YouTube’s New Play for Video Streaming Dominance

Things continue to move at a blistering pace in the streamed video market. As I recently noted, Netflix is positioning itself to be a dominant player by acquiring original content like a new television series, “House of Cards,” which Netflix would arrange to distribute online before any other outlet carries it. Add to that the announcement just days ago that Netflix is acquiring licensing rights to the series “Mad Men” at $1 million per episode.

Now comes the somewhat curious news that satellite TV service Dish Networks has won a bid to acquire the assets of bankrupt Blockbuster. If the bankruptcy court approves the acquisition, Dish will gain access to Blockbuster’s customer base. Of course, it will also inherit some 1,700 stores, which could be problematic. But what Dish really wants is to grab Blockbuster’s video streaming capabilities in an effort to more effectively compete in the digital marketplace.

Well it turns out that Google’s YouTube, the web’s top video site, has some ambitious plans of its own. YouTube “is looking to compete with broadcast and cable television,” reports the Wall Street Journal, with a “major overhaul” that is said to include a new emphasis on channels. While YouTube already offers user-created and topic channels, the new approach would reportedly highlight around twenty channels that will feature “several hours of professionally produced original programming a week.”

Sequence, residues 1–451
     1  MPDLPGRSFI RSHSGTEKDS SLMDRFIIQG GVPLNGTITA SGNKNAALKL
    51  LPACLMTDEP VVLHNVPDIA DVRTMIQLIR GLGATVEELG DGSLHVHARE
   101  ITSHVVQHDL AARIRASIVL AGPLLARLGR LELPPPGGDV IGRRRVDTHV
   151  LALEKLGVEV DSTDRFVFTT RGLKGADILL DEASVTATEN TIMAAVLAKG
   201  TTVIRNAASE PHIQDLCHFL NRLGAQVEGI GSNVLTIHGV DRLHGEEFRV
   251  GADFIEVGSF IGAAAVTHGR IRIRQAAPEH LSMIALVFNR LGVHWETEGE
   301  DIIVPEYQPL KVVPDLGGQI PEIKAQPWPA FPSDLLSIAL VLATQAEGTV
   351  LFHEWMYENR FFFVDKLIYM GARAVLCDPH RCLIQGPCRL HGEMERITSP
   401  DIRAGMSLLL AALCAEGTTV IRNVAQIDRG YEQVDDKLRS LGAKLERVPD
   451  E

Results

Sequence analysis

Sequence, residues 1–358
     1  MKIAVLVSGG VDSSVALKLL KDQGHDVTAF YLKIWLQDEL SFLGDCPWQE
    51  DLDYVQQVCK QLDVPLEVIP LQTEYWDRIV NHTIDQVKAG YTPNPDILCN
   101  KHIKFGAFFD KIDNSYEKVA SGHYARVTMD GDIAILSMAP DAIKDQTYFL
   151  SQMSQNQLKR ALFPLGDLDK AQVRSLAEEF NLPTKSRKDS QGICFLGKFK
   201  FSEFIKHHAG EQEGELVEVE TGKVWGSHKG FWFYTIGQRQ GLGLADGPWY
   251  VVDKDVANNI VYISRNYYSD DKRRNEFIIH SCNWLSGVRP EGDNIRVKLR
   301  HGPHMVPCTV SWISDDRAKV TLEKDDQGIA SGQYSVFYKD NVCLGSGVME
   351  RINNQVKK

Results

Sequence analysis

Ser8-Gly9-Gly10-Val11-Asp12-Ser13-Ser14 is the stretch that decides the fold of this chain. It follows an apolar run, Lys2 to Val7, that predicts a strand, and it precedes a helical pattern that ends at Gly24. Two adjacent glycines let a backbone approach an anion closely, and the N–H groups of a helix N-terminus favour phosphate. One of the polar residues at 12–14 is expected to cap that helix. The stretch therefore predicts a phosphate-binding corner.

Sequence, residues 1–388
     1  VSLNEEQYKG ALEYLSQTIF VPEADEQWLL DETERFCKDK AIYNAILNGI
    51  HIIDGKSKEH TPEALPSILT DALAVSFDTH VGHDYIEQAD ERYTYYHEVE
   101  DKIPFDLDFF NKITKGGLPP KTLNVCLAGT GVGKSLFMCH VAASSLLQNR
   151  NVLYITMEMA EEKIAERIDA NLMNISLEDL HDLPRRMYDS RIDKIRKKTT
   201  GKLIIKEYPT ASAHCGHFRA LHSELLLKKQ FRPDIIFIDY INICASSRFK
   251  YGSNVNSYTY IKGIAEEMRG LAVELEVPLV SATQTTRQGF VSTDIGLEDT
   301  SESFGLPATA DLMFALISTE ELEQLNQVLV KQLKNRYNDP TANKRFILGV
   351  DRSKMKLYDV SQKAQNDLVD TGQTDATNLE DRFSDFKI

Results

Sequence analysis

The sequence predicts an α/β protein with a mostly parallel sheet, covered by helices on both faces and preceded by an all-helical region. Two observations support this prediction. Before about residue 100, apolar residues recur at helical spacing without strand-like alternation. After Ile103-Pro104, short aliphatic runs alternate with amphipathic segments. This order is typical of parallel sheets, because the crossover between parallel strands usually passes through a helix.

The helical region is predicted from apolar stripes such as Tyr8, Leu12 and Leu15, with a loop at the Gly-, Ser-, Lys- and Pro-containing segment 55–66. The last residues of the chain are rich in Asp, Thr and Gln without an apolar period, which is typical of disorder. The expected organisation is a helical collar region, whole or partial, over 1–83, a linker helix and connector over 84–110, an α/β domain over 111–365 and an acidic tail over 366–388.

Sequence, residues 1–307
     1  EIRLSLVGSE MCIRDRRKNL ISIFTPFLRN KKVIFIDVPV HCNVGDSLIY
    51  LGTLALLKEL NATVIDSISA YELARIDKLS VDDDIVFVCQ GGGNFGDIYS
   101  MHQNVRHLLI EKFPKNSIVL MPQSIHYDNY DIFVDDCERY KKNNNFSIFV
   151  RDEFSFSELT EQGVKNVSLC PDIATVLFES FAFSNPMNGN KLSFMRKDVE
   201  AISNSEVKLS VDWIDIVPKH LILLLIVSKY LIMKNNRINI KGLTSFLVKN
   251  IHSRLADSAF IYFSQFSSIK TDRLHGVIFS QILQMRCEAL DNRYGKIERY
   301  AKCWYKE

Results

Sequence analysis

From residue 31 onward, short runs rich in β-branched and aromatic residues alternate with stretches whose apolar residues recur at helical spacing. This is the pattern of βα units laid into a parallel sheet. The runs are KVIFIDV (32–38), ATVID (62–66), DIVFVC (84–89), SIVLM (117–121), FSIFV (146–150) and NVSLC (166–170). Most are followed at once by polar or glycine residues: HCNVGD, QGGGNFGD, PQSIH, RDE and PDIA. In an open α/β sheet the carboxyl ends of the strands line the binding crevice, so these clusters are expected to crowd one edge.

The heart of the issue for YouTube is the fact that, suddenly, every competitor seems to be converging around video streaming. While YouTube owned the market not long ago, it now competes with the likes of Amazon and Hulu on the web. It also competes with Netflix, who has moved more rapidly than expected into video streaming and, increasingly, with traditional broadcast outlets that stream video over the web as an enhancement to their television programming.

In the past, YouTube was a kind of amateur video marketplace, but in recent years, commercial marketers have looked the other way as videos of ads and movie clips have been posted by users, even if they didn’t have copyright authority. Why? Because of the power of viral marketing. And now commercial marketers use YouTube as a matter of course to support their campaigns. YouTube, meanwhile, has been a passive platform for all this sharing of intellectual property, reaping the benefit of advertising revenue via the Google model.

But now, it seems, YouTube’s free ride may be coming to an end – to compete, the company has to start paying for content. Google, reports the Journal, “has so far remained unwilling to pay licensing fees on the same scale” as its competitors; instead, it is planning to spend as much as $100 million on programming as a “less expensive” alternative. Supposedly, YouTube is talking with Hollywood talent agencies in the hope that some of their clients will create new YouTube channels.

Moving from amateur-dominated free video to advertiser-supported professional content It will be a tricky transition for YouTube – one made all the more challenging by big-spending competitors.

About Barry Silverstein

Barry Silverstein is a freelance writer/marketing consultant. In addition to writing for ReveNews, he is a contributing writer to, the world’s leading online branding forum. He is the author of three marketing books, The Breakaway Brand (co-author, McGraw-Hill, 2005), Business-to-Business Internet Marketing (Maximum Press, 2003) and Internet Marketing for Technology Companies (Maximum Press, 2003). Barry ran his own Internet and direct marketing agency for twenty years. You can find Barry on Twitter @bdsilv.

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